The Fab Four further refined their shows in Germany when they had to play multiple sets per night to drunken German fans. (They played on a street called the Reeperbahn whose description today doesn’t apparently vary much from its description in 1961: “The street is lined with restaurants, night clubs, discotheques and bars. There are also strip clubs, sex shops, brothels, a sex museum (!) and similar businesses.”) This area was, to say the least, somewhat of an education for the lads (George, the youngest, was all of 17).

“Mak show, Beatles! Mak show!” their fans would shout. And the Beatles not only played relentlessly but also stomped around the stage, ate food, smoked cigarettes, gave the Nazi salute – whatever it took. (Hamburg is also where they met Ringo Starr).

And to keep going, this is where they began to rely on “prellies,” a nickname for a diet pill. They typically were on stage seven days a week, playing from 8:30-9:30, 10 until 11, 11:30-12:30, and finishing the evening playing from one until two o’clock in the morning. They were paid £2.50 each a day.

“I Saw Her Standing There” kicks off their first album and is to this day an exciting, fun song that McCartney continues to play live. (If you get a chance, one of my favorites on YouTube is of McCartney and Springsteen performing it together. Bruce, consider yourself lucky, man).

I usually do three songs. But this is the Beatles right? And we love them. Plus, we need a George song, don’t we? Yes we bloody well do. The Beatles used to scour Brian Epstein’s music store, looking for good songs to listen to and play. This obscure tune – originally called “Devil In His Heart” – was some minor non-hit ‘B’ side of a record. But of course the Beatles knew how to hear a good song and make the best of it.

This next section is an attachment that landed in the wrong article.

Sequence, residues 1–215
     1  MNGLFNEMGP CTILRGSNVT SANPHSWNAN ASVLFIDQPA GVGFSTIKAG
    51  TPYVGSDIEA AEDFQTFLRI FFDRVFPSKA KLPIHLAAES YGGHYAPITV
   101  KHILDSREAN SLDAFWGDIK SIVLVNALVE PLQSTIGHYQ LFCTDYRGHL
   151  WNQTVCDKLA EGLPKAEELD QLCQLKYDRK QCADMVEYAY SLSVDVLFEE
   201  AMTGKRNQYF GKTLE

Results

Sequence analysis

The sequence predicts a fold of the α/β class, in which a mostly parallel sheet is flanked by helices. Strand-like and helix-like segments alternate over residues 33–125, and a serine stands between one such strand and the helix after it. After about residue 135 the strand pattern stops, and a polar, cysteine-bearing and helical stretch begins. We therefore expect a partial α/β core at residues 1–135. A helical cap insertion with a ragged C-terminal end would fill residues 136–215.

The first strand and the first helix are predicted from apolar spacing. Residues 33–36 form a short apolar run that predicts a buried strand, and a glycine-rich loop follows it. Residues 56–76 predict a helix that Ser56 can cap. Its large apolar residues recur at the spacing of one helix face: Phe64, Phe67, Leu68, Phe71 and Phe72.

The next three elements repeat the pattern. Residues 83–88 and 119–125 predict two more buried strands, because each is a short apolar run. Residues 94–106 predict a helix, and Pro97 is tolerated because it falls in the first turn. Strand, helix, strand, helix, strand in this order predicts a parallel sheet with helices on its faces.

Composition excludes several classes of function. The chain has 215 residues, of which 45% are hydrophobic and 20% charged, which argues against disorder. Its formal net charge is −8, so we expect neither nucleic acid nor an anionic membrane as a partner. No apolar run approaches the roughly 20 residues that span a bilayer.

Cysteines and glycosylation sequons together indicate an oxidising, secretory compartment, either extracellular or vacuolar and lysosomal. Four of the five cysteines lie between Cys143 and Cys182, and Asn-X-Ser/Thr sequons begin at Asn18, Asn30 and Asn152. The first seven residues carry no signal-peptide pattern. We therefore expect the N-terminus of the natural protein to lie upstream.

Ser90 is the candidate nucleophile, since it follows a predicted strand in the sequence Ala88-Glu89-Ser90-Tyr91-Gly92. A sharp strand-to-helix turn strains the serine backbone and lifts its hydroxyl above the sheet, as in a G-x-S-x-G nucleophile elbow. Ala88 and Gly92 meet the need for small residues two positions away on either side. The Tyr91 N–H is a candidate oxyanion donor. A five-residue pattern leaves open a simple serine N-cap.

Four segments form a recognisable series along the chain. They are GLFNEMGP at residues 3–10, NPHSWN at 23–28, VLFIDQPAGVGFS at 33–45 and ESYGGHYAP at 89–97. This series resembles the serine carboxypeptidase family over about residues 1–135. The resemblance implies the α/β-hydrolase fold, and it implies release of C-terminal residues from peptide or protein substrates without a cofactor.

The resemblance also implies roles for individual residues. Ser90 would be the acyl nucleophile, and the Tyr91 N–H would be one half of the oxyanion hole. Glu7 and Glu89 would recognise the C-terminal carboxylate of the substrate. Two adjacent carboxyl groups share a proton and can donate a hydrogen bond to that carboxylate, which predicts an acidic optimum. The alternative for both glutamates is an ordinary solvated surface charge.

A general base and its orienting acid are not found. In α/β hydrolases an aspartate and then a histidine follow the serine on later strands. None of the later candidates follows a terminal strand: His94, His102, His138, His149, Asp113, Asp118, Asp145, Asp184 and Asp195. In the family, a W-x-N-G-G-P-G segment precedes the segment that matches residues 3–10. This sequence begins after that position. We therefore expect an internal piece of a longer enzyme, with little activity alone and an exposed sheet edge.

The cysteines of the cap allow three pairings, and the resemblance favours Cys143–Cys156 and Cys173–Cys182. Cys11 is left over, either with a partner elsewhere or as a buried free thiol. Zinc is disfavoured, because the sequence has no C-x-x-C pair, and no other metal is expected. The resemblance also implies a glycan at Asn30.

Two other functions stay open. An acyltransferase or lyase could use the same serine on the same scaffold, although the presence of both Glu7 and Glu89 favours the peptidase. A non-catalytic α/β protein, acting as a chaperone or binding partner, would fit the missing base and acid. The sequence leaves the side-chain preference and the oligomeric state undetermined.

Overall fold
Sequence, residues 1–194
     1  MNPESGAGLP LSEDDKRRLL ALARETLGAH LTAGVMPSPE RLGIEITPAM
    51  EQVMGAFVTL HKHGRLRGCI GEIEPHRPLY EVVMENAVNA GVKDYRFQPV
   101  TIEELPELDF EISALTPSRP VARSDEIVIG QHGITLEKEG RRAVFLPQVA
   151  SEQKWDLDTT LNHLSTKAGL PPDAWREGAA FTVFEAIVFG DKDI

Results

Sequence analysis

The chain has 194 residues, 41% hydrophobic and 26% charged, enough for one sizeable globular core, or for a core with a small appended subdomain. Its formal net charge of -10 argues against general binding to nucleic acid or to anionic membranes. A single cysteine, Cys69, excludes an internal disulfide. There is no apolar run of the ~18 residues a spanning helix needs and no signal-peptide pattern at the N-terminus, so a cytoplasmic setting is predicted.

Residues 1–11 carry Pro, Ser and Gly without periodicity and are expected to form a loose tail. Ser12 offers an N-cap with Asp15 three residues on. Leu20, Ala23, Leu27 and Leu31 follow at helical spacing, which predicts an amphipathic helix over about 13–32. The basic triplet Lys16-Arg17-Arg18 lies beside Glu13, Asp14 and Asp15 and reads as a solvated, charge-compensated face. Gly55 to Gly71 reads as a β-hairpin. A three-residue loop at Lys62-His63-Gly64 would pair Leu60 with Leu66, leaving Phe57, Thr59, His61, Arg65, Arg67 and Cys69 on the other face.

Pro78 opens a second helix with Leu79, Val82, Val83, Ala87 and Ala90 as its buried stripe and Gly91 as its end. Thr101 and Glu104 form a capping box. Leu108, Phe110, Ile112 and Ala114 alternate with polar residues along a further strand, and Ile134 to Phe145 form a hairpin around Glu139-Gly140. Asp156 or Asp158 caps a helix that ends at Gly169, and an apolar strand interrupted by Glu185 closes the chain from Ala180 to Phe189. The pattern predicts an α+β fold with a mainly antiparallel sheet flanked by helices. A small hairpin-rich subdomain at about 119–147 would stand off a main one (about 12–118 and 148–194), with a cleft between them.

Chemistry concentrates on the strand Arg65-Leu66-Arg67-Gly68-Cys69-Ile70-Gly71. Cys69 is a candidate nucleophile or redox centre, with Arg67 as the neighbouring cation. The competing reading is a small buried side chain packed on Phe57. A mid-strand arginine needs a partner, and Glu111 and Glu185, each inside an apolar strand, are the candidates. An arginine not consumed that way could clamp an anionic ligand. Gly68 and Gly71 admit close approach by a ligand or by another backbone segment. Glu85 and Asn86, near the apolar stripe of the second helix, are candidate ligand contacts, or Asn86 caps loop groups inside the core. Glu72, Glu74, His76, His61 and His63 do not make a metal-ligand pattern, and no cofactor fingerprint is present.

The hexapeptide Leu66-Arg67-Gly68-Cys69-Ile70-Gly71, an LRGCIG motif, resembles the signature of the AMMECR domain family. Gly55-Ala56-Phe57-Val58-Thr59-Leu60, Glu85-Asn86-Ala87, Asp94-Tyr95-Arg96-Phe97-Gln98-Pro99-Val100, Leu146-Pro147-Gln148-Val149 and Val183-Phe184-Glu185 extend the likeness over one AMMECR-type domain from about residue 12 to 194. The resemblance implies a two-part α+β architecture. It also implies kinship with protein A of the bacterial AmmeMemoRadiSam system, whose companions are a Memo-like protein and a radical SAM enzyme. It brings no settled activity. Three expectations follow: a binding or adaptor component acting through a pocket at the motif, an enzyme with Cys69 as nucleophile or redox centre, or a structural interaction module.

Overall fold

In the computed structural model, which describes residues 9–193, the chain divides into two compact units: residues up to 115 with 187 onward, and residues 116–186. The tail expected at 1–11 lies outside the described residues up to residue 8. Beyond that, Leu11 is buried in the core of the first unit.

Sources: Wikipedia and The Beatles Bible.

Next – More Fab Four. 

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5 thoughts on “The Beatles (1)

  1. Love the pictures of the young Beatles and their music during the Cavern days sounded pretty good. It made me wish I was one of those kids experiencing the Beatles for the first time. As the Beatles got bigger (probably the case of most musicians), there was less of their individual personality on stage. I remember when seeing them on the Ed Sullivan show, although incredibly excited, how stiff and scripted they sounded to me.

    Probably why I loved seeing the old clip of Lennon playing on a flatbed truck — incredibly fun and so Lennon and the earlier Beatles at the Cavern. This is one band that truly got better and better with age and I am so thankful for that. My favorite Beatles music is still from the later years and especially one of my favorite top ten albums – Rubber Soul.

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  2. Yeah, I know those kids were like any kids who discover a band and then ‘lose’ them when they become popular. Only here on a much grander scale. It was definitely Epstein that put them in suits and scripted them. But as much as they protested, they bought into it. They probably realized they could kick around Liverpool forever in their jeans or conquer England (if not the world) by “cleaning up.”

    Rubber Soul – coming up

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  3. Thanks for adding the link to the McCartney and Springsteen jam on “I Want to Hold Your Hand”. It was fantastic! Springsteen’s voice really brought the Beatles’ song to a more rocker level. I was laughing when Springsteen kept whispering in McCartney’s ear. I kept making up stories of what he was saying to him. You know like, “Paul, I think I just had an o……. singing with you”. I’ve never seen Springsteen smile so much.

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  4. I think you meant “I Saw Her Standing There.” But whatever. Yes, the Bruce thing is pretty cool. And as to his smiling, let’s face it, he’s a fan just like us. He didn’t even put out his first album till a couple years after the Beatles broke up! Music is so democratic. Guys like Springsteen and McCartney get inspired by their musical heroes, then wind up playing with them, then they inspire others who wind up playing with them!

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    1. Yeah. Geez. I actually was listening to other Beatles songs as well when I got on youtube. The song got me in the mood and I went to other Beatles’ videos. I get distracted easily. My bad! Thanks again. It was fun going back and listening to these guys.